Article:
Intentionally Present

I recently returned to my current home after spending a week in an extremely large and diverse city. I noticed this pattern of distracting oneself while I was there. Most people did not talk to anyone they did not know. In fact, probably about 75 percent of the people I encountered had on some type of headphones or were absorbed in their electronic devices.

They may have thought that having headphones on or staring at a device in their hands would deter people from talking with them, and for most people, that may have been the case. But I took it as a challenge: how many people can I get to talk with me?

The result was great. When I started to talk with people, nearly all of them at least appeared to enjoy making a connection with someone. And even more than that, every day I was able to share at least once the full gospel—Jesus’ life, death, and resurrection—with someone on public transportation!

Now, if I had not been intentionally present and had not sought to use my time purposefully, I could have just as easily missed out on those opportunities. I will admit, some days I did not want to talk to people at all. It would have been easier to just sit there in my own world thinking about the glorious possibilities the future may provide, ponder how I could have done something better in the past, or contemplate anything in between.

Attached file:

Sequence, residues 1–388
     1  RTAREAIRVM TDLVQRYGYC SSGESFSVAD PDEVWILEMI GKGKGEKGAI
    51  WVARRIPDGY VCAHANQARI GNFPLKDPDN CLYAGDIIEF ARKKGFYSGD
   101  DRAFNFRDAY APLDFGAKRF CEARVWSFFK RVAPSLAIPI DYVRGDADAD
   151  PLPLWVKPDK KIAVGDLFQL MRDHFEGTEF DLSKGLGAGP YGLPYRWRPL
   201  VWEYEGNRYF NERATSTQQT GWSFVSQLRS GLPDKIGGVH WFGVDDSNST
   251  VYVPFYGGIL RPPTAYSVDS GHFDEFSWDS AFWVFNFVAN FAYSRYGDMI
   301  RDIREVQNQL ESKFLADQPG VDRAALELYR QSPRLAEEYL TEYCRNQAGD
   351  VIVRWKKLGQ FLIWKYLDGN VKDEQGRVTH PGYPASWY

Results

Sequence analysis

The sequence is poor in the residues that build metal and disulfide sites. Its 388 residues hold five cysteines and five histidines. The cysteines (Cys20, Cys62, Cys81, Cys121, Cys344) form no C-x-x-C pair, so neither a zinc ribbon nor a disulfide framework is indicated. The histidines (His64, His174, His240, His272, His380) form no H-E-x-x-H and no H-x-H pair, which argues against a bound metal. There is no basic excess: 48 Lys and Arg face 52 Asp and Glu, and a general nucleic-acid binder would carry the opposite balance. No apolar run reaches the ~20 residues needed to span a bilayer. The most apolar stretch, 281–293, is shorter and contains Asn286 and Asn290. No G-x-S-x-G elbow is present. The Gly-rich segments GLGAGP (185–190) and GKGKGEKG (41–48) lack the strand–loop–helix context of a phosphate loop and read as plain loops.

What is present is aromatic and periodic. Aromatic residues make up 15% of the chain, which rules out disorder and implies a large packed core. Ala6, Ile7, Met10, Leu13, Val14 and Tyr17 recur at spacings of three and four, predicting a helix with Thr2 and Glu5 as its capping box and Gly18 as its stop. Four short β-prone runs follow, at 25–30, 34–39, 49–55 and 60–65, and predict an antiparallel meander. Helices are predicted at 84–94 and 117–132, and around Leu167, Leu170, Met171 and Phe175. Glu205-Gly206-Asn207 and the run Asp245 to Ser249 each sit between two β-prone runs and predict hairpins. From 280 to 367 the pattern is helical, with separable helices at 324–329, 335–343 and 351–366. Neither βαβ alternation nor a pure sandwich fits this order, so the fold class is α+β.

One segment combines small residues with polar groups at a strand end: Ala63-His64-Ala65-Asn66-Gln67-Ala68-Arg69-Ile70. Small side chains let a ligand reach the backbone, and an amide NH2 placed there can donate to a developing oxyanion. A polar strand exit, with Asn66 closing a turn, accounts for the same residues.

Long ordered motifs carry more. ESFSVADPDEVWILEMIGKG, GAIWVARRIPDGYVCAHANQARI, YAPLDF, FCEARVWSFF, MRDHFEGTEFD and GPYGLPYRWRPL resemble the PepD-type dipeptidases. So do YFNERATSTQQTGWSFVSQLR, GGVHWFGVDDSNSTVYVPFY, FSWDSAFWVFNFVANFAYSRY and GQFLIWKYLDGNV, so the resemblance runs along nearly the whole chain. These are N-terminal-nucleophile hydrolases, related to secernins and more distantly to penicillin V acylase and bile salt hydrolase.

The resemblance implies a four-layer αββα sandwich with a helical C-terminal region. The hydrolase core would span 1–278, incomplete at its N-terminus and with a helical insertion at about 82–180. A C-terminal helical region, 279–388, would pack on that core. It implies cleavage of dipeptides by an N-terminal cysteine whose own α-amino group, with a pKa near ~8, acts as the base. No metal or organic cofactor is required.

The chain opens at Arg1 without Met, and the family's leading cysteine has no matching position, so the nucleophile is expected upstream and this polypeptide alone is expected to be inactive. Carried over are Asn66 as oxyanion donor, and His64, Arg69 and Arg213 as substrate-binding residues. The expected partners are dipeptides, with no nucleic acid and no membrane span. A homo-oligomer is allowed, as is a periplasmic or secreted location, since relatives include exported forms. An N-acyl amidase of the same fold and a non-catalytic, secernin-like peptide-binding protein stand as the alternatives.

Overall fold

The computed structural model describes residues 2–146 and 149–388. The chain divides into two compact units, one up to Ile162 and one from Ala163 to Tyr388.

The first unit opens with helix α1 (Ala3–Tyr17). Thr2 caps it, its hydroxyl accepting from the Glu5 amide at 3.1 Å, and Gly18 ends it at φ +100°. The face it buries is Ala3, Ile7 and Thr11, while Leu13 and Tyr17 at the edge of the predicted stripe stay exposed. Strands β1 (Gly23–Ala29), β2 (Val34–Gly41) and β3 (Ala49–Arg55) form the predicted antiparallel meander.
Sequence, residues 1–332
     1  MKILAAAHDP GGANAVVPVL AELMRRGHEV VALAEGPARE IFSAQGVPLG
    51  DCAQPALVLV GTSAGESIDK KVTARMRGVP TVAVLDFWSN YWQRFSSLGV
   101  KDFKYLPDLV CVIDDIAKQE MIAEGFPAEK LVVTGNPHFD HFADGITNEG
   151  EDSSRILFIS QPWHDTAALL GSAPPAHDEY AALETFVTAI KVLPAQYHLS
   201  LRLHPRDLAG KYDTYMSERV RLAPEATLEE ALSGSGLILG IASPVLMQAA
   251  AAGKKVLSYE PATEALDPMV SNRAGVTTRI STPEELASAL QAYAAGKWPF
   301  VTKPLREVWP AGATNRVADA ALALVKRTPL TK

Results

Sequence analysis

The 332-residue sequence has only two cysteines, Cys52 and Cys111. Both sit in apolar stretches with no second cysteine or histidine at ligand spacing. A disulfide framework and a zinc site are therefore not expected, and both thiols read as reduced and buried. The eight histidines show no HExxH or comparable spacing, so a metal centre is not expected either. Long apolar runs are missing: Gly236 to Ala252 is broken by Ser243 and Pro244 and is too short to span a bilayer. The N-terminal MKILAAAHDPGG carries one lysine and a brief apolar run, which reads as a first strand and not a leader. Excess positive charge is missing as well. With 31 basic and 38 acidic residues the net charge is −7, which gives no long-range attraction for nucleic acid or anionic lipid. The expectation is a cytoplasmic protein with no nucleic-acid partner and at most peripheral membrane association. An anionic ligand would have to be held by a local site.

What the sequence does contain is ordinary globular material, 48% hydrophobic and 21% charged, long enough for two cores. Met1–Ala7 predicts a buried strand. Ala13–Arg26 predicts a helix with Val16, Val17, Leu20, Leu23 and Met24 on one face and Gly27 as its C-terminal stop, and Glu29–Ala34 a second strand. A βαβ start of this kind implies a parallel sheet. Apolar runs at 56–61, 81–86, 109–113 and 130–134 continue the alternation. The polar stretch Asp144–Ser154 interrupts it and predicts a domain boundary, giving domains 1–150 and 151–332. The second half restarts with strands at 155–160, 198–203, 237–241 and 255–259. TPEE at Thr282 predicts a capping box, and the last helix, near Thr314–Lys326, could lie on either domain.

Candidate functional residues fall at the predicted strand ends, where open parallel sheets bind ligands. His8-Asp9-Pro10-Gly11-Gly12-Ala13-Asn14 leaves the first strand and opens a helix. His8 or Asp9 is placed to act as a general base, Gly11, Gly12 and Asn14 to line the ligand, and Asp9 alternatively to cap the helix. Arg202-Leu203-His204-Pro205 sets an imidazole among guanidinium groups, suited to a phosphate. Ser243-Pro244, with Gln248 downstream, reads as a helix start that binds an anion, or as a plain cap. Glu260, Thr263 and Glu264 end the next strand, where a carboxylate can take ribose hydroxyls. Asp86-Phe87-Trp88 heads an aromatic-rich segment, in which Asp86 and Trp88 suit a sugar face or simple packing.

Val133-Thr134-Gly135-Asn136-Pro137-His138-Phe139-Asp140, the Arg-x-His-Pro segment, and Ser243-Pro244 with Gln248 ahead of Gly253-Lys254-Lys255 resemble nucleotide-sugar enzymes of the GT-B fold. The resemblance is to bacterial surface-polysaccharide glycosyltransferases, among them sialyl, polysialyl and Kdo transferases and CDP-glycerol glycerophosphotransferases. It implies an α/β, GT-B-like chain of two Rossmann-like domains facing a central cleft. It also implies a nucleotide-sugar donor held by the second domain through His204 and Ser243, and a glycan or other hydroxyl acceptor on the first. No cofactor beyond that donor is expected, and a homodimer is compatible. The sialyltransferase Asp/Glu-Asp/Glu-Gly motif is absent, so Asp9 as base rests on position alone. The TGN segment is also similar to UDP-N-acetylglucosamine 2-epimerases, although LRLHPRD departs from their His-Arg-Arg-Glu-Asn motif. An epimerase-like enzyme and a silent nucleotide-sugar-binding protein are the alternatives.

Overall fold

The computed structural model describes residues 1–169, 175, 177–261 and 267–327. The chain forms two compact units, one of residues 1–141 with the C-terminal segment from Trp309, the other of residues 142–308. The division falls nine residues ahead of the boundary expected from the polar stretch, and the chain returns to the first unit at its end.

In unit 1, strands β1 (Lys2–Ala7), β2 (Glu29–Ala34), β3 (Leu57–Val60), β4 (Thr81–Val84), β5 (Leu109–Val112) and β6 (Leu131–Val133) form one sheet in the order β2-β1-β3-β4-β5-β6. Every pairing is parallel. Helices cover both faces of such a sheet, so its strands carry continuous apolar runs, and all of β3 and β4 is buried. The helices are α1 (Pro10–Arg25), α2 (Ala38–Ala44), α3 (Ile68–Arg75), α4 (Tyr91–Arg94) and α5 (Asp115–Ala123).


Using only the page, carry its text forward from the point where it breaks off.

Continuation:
But I would have missed those God-ordained opportunities to connect with someone else. I would have missed being able to share God’s truth with them. I would have missed the opportunity to be used by the Father as simply someone who would listen to a small part of this other person’s story. I would have missed the opportunity to be an encourager. I would have missed . . .

It can be hard to be intentionally present when you are focused on yourself. When we are focused on ourselves, we remain distracted from God and we miss so much. When we keep our focus on our Father, we are able to live intentionally in the present.

​Shaniqua Gerber* has lived for two years in Sub-Saharan Africa and now works with North African and Middle Eastern Peoples.



*Name changed.


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